Prices are the mother’s milk of numismatics. Most collectors faithfully follow the values of their holdings and the coins they hope to buy. They scour price guides such as Coin Market and helpfully point out typos to me when a decimal place is accidentally moved and the like, or when one price guide seems to be significantly different from another on one coin or another.
With so much focus on prices, it has always been a wonder to me that some buyers seem to willfully ignore all of the data and experience out there.
The traditional ignorer of the wisdom of pricing is the buyer who thinks he is getting a deal when he pays half or less of catalog value. Usually these bargains turn out to be overgraded or doctored coins and their values are usually less than what was actually paid. The old line about there being no Santa Claus in numismatics is true.
The other ignorer of pricing information seems to be the excited gold buyer who didn’t know he wanted ever to own gold last week, last month or last year but the headlines about record prices finally got his attention. He has no more knowledge of the market than what has been published in the price guides of the last week or two.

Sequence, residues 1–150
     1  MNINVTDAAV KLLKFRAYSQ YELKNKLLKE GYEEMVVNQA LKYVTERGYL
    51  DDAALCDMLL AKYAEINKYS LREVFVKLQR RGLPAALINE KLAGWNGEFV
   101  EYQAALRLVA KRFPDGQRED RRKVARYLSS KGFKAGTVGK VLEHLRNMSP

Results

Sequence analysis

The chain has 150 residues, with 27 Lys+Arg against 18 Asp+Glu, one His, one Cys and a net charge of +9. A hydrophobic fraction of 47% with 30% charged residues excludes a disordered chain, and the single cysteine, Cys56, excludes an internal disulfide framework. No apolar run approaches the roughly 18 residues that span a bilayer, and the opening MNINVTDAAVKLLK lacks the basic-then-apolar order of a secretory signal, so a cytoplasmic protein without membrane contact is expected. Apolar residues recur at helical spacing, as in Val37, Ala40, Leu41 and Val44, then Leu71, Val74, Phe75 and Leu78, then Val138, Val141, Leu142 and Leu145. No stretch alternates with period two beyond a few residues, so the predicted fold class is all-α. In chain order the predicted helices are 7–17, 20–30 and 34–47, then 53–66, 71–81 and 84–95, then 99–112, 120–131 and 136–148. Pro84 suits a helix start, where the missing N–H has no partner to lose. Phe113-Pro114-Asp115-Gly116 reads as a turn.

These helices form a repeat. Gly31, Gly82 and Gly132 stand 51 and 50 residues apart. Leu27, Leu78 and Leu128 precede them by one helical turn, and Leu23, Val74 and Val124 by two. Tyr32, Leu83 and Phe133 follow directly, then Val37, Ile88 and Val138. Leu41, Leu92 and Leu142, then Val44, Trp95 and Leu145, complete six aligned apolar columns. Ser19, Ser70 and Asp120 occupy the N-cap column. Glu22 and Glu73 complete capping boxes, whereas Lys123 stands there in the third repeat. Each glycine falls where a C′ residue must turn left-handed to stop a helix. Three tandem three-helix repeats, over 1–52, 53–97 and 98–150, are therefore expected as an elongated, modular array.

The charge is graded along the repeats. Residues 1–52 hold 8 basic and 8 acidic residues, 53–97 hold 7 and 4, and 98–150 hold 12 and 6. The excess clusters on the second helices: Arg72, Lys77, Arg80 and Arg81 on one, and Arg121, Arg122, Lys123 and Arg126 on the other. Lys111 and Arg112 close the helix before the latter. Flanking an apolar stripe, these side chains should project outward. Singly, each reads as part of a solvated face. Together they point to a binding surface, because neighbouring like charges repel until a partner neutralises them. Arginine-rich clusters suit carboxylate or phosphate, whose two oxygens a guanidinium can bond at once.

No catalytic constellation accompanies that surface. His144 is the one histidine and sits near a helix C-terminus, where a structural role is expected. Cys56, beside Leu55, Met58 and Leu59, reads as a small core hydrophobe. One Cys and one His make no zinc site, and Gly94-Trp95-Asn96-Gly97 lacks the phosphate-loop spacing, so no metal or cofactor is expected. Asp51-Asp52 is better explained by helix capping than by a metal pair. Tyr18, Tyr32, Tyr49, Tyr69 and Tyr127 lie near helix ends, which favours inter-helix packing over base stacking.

It seems to me that this is the kind of buyer who is paying $2,135 for the proof one-ounce gold American Eagles listed on the first page of our monthly Coin Market price guide. That works out to a premium of nearly 75 percent over bullion value. There is nothing inherently wrong with paying a premium over bullion for a scarce coin, but when these prices are being paid for coins that in less exciting times were selling essentially for the price of the metal in them, it is likely that the buyers are going to be seriously disappointed when the premiums over bullion value return to normal levels.
That day will come and then I will be contacted by people who will be upset to learn that they overpaid to get into the market. They will point to today’s price guide price, which they checked. I will respond that the price guide price was an accurate reflection of the market when the information was compiled. The guides don’t control what is paid, they only report current activity. Right now buyers are paying those high premiums for what had previously been considered common proof gold coins.
It is hard to make money even on a good potential investment when the entry price point is already way too high. Even when the price guides report a value, it also helps to check the past and see if there is any historical reason why premiums should be so high.
Over the long run, historical pricing relationships matter as much as current prices in any buying decision and longtime collectors know this.